On this first option, low-self esteem plays a key factor, and pre-empting rejection prevents negative emotions. I know that this is quite false, intellectually, but who ever thought the brain had a say? Well, it does when it tells me the person is too conventionally attractive, or they appear to be the kind of person who defines themselves by others, or has no personality (unfortunately the American Highschool sterotype of the bitchy cheerleader type has inveigled my consciousness). And this depresses me, lowering self-esteem further. If someone asked me why they should date me, my first response would be along the line "well, I think I'm alright". Humble or self-effacing to a fault, unable to acknowledge good points are something to be proud of, rather than seeing them as intrinsic and the founding of decency - you do it because it is right, not for compliments or praise. Or I come accross as arrogant. "That was very well done." "I know, I just did it." sounds terrible to some people, but in reality I mean that I would have given no less than my best, and how is that commendable?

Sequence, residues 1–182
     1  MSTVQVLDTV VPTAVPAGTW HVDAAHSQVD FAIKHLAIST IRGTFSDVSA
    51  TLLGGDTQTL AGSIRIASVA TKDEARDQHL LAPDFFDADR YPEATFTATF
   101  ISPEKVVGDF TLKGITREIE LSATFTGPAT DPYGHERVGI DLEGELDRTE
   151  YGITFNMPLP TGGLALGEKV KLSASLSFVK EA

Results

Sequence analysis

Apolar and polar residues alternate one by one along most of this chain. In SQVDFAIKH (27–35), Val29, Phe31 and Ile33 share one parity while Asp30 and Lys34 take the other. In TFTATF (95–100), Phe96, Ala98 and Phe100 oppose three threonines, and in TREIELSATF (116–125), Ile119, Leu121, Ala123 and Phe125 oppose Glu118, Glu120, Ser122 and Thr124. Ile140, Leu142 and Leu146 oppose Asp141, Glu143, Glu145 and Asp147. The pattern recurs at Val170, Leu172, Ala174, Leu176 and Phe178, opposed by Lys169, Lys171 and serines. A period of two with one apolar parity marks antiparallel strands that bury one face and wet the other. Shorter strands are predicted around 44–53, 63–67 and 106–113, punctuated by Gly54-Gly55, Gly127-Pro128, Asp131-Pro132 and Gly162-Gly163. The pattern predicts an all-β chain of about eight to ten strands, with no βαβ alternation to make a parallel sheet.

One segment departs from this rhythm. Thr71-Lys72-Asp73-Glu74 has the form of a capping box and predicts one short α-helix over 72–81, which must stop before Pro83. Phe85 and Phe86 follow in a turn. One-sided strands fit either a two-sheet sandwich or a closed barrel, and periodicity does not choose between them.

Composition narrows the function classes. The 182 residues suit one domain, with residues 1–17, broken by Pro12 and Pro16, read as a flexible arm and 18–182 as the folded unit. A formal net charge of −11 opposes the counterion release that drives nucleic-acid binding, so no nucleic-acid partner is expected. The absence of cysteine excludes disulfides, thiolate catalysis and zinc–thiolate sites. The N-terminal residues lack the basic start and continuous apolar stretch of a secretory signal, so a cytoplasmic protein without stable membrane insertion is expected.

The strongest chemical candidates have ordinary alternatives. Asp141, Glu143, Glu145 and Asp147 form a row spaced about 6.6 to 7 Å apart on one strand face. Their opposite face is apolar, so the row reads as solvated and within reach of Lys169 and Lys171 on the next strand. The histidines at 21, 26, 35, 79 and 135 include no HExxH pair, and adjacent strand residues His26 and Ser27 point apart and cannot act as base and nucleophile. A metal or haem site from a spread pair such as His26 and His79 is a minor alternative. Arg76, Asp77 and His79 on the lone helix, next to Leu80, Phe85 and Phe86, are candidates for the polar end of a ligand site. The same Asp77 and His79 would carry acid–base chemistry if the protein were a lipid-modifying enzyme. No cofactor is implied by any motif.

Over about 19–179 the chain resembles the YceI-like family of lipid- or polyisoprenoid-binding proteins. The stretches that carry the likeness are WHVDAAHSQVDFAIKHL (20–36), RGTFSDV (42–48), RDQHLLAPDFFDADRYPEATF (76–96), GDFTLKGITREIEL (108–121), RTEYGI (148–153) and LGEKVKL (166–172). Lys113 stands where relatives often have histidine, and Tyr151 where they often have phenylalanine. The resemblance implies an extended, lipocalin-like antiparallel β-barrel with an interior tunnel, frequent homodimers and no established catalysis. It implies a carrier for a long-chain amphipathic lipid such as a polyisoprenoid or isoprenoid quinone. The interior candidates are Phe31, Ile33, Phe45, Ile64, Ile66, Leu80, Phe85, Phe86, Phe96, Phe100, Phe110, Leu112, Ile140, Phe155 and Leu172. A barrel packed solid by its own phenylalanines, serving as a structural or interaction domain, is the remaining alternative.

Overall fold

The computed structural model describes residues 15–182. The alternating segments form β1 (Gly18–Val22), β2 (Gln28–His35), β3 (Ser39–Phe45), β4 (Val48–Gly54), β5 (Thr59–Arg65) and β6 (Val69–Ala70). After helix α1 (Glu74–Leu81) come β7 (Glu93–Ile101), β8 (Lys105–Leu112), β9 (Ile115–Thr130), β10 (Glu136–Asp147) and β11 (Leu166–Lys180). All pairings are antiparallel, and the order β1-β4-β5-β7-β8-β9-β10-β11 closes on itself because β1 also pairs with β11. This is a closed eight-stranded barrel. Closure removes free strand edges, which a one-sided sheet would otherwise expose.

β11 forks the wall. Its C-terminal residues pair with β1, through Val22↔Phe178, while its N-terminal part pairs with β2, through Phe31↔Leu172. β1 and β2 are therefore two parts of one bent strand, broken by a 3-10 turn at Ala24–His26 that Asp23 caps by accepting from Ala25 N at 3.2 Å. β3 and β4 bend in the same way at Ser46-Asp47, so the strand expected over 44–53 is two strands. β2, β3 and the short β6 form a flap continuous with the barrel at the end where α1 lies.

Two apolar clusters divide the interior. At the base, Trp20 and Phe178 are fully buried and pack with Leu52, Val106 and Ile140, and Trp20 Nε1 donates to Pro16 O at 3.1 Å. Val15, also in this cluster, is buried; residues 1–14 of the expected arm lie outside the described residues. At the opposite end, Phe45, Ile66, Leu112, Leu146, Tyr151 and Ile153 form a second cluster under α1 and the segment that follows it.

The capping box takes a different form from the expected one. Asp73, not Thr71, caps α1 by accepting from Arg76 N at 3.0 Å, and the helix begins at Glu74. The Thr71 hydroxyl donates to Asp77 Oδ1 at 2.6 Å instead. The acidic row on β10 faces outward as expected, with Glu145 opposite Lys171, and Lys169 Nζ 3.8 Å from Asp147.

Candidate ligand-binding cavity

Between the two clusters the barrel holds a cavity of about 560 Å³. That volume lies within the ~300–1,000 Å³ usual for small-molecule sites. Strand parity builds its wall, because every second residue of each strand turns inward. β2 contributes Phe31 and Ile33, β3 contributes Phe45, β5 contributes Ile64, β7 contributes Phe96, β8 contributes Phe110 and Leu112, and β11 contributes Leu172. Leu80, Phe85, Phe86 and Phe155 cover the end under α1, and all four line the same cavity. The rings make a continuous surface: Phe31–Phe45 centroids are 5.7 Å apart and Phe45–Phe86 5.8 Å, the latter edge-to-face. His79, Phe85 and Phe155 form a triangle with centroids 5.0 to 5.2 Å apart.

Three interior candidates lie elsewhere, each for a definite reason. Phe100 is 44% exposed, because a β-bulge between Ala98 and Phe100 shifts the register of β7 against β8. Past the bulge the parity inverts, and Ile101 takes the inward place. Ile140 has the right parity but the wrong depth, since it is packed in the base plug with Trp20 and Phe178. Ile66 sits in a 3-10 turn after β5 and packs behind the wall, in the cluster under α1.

The second option is also quite possible. I only really have four vital criteria for considering a potential partner: less than a foot shorter than me, weighs less than me, doesn't already have kids with an ex, and mustn't smoke. However, though this doesn't exclude any sort of majority, I never seem to find someone. I have to believe I'm not some sort of elephant man if I want to step outside the house every day, but I know I'm not a chiselled Adonis. No one has set our rules and regulations about this. I'm not suggesting a Brave New World system of Alphas, Betas, and Gammas, but they certainly had fewer concerns when it came to dating. But no one will tell you "generally aim for someone of this level of attractiveness, because they'll be aiming at your bracket too". They tell you looks aren't important, and that personality is. I thinkt to myself sometimes, "could I look at this face for another 50 years?", and quite often come back with a no.